• Hey Man….For obvious reasons this is a very near and dear subject! We have really seen so many people just leave church in the course of the last year. The problem is simply that no one seems to have "the answers" as to how to stop it. The answer as I see it is really simple. We are called to a relationship. A relationship with God and a relationship with each other! So, if our focus can be on relationships, we might curb this from being so rampant. People who have relationships will stay connected in a church even when they walk through tough times. They stay for the people and not the circumstances!As far as Mr. FBC JAX…….He seems to forget the scripture that says we are to go out and "compel" the people to come in. In our world we need to be creative and attractive. the same reason that Jesus spoke in parables. If you, or some other consultant, can be part of the team, then great. Thanks for what you and the A Group do for churches. Peace Bro! M

  • Anonymous

    I’ll direct this at the Watchdog.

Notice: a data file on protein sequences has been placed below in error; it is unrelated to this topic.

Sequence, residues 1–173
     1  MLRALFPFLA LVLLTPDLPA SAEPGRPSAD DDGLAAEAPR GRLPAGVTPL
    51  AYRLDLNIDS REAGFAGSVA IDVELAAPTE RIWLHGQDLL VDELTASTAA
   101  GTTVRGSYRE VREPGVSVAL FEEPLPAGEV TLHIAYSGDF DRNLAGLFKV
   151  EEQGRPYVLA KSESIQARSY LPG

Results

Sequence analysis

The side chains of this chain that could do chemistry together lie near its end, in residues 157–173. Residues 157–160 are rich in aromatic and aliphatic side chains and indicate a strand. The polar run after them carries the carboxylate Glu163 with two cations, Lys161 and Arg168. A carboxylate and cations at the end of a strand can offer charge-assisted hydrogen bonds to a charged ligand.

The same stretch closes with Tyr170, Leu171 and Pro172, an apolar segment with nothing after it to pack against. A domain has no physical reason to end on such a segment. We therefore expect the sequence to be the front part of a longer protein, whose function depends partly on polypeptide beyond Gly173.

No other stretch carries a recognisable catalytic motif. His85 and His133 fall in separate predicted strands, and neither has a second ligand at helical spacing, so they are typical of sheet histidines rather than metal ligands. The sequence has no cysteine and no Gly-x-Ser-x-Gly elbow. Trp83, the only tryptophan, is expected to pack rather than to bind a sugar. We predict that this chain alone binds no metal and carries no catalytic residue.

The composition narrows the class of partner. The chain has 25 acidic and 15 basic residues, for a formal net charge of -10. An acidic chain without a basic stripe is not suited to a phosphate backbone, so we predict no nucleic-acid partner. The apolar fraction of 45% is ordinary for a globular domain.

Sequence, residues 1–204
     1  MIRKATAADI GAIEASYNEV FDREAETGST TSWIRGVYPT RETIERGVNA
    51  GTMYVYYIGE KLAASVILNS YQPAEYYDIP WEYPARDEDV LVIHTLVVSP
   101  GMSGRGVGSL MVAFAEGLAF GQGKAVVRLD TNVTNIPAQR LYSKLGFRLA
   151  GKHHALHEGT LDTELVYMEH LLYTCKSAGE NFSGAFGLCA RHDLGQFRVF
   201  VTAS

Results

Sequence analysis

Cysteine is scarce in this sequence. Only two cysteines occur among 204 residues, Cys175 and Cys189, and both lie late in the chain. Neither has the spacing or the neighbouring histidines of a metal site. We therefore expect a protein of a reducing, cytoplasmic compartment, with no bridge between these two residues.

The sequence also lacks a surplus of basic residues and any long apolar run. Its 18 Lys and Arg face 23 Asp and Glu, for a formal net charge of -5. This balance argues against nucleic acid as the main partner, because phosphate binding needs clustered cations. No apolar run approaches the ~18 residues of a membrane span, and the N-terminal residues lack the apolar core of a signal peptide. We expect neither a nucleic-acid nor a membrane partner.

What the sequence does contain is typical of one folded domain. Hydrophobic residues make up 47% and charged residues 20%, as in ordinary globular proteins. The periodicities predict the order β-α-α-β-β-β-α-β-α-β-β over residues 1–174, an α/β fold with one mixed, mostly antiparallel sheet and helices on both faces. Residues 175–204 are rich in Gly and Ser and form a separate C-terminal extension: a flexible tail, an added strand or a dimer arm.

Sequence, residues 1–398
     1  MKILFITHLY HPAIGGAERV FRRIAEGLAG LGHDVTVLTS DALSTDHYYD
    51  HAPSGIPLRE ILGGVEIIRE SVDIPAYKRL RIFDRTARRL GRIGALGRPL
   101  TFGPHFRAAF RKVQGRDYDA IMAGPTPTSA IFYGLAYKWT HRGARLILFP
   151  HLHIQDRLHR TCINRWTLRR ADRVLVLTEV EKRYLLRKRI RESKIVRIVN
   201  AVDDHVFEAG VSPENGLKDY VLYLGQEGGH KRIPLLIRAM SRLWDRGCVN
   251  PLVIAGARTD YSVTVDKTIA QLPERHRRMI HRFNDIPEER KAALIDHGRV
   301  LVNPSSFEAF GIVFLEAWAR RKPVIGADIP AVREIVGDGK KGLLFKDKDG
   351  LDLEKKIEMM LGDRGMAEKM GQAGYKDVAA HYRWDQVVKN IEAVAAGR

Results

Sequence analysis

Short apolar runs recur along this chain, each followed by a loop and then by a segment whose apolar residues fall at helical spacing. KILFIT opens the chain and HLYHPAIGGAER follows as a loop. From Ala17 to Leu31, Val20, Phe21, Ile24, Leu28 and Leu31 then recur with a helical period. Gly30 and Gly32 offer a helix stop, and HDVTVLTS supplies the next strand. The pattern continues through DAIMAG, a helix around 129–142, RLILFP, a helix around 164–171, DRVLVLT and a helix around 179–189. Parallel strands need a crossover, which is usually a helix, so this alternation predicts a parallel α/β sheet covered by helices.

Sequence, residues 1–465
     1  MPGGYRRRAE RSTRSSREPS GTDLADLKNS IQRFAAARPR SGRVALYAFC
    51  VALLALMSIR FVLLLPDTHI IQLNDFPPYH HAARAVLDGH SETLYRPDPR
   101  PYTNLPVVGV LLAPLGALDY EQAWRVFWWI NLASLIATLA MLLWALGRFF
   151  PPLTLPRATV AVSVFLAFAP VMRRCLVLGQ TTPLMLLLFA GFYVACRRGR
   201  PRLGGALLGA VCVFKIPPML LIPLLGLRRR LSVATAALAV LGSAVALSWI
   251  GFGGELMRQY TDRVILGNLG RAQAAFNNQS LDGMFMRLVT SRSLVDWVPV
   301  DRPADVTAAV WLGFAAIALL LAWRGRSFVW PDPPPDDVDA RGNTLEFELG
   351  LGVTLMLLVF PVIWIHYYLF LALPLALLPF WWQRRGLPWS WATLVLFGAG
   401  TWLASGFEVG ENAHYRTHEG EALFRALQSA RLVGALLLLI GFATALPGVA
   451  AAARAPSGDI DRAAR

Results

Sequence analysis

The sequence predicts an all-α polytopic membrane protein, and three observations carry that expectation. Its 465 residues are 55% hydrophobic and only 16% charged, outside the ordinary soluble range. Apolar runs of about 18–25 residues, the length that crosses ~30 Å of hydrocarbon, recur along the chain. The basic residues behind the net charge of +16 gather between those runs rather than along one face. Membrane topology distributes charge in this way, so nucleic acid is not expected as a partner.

I think we agree as far as prognosis, as to what is wrong with the Church at large. But after checking out your blog… you need to chill. While we can and arguably SHOULD question many of the powers that be in our leadership we also need to understand that they are very human and prone to err (as are we) and they are going to be giving an account to the almighty for what they have done (as are we). Now THAT should be a very sobering thought.

    I happen to have known Maurilio going pretty far back, while I do disagree with a lot of his ways and means I do not question his motives. I’m wondering about yours though.

    You’ve crossed the line, take that from someone who has been there and done that (even recently!). It’s so easy getting caught up in being RIGHT that we get wrong really quick, boy do I know.

    Root out the weeds of BITTERNESS, they will choke you. The battle belongs to the Lord.


  • hey anonymous-
    i’m not so sure watchdog has crossed any lines yet.

    speaking out against and challenging the church for having become a worldly industry does not necessarily render one as de facto bitter.

    bringing tithes into a storehouse that pays for such endeavors certainly gives me pause. it just doesn’t seem to square with the holes in the hands of the son of man nor with his words about how we are to serve him (the hungry, thirsty, alien, naked, sick and prisoner.)